by Roland Ennos
Industrializing America's infrastructure was much more likely than Europe's to be made of wood. This accident of nature and geography helped drive rapid expansion, but today means much of the 19th century built environment of the United States has vanished.
SOURCE: War on the Rocks
by Rebecca Slayton
Machines have been taking over tasks that otherwise require human intelligence for decades, if not centuries.
SOURCE: Washington Post
by Margaret O'Mara
For AT&T in the 1950s, antitrust enforcement helped increase competition while keeping Ma Bell intact.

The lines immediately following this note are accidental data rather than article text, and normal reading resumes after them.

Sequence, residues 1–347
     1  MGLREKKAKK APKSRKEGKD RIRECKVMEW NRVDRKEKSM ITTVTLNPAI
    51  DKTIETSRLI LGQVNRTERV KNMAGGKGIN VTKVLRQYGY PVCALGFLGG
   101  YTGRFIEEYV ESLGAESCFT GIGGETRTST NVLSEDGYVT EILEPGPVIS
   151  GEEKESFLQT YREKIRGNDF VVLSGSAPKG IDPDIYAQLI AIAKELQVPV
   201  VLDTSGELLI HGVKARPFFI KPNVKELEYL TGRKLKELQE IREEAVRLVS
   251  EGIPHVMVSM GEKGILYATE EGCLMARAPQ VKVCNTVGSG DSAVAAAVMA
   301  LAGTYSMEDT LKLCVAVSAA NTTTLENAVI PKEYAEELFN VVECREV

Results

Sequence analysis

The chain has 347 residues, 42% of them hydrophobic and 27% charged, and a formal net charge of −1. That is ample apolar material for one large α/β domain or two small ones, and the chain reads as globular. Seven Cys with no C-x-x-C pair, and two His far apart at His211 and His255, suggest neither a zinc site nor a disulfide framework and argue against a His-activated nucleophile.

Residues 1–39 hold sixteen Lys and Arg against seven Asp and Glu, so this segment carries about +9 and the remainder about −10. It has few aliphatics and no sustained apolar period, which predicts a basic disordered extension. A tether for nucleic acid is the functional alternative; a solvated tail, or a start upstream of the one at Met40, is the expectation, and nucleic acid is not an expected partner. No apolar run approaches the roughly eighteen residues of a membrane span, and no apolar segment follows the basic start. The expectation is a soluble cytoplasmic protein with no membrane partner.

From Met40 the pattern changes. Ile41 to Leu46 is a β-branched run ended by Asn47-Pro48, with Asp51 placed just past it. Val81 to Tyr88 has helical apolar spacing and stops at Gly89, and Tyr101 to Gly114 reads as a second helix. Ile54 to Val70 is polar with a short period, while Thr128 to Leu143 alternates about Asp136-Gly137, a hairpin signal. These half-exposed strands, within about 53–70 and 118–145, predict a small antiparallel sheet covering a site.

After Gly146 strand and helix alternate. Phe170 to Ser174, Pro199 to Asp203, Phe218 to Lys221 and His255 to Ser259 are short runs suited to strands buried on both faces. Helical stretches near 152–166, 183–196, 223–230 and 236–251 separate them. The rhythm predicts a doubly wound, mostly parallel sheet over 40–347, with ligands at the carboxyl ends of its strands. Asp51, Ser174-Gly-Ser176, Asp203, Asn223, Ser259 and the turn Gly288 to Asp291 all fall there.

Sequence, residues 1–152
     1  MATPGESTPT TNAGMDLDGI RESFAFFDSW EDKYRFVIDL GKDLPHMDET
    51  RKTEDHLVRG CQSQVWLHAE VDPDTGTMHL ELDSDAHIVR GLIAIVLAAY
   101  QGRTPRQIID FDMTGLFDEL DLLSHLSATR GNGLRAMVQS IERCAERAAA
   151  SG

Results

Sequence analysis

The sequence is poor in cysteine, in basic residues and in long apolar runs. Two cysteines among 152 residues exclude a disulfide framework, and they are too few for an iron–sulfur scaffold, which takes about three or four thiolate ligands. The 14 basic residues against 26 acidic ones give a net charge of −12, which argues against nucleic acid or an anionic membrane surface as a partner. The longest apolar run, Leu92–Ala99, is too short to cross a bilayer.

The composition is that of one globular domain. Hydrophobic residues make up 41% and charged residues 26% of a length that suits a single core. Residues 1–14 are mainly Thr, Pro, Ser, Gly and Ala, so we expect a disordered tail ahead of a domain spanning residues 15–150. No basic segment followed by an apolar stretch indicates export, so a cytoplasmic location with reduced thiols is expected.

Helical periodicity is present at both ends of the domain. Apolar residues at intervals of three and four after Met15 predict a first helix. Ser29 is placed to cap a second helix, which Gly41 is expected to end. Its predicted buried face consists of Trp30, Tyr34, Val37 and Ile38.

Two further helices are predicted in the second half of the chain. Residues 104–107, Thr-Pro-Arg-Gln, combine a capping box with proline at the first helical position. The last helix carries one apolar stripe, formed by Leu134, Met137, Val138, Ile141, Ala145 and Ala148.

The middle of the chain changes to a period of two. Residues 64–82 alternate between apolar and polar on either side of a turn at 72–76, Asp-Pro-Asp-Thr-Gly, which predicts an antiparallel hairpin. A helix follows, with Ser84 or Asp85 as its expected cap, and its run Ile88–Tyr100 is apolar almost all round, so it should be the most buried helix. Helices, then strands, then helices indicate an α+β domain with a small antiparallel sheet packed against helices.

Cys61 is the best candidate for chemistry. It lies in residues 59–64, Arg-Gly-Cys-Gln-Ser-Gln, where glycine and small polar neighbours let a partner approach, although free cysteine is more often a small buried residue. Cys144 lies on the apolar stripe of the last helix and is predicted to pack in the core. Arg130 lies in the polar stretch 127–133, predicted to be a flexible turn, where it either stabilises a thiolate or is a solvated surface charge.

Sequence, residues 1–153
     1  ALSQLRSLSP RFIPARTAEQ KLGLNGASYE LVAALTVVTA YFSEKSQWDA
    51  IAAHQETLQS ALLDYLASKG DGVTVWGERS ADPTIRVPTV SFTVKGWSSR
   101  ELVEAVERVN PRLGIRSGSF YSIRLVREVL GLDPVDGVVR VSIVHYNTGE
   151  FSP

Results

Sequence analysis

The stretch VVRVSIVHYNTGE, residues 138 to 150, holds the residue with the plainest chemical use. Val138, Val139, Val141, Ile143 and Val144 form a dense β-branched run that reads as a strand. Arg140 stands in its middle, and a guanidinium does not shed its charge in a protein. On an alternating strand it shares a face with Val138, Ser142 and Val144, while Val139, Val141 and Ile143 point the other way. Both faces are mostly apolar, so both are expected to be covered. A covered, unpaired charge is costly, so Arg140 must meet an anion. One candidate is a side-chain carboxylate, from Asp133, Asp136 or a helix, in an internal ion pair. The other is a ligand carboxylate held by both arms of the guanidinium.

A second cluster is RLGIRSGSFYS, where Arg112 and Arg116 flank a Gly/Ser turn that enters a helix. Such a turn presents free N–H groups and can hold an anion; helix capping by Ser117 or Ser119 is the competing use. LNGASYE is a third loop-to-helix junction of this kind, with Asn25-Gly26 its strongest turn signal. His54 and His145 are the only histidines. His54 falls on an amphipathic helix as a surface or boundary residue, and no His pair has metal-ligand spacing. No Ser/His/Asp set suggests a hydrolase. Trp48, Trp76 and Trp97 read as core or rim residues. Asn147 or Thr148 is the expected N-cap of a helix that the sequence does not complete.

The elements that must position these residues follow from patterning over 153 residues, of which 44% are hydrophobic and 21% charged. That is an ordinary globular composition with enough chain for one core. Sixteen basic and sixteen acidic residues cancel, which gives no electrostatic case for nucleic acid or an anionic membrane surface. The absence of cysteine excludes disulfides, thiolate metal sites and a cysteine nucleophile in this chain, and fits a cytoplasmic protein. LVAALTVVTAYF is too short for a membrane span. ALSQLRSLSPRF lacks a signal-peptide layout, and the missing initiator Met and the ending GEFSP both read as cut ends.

by Rebecca Onion
A new book takes a historical look at how tech affects our collective mental state—and somehow, it’s not tedious.
- Lone Wolves Connected Online: A History of Modern White Supremacy
- 'His Work is a Testament': The Ever-Relevant Photography of Gordon Parks
- History Jobs Stabilized Before COVID-19
- The Stories of Those Who Lost Decades in the Closet
- Archaeologists Unearth Egyptian Queen’s Tomb, 13-Foot ‘Book of the Dead’ Scroll
- This Professor Protested a School’s Racism. Then He Lost His Job
- After the Capitol Was Stormed, Teachers Try Explaining History in Real Time
- Race on Campus: The Mental Burden of Minority Professors
- Against the Consensus Approach to History
- We’ve Had a White Supremacist Coup Before. History Buried It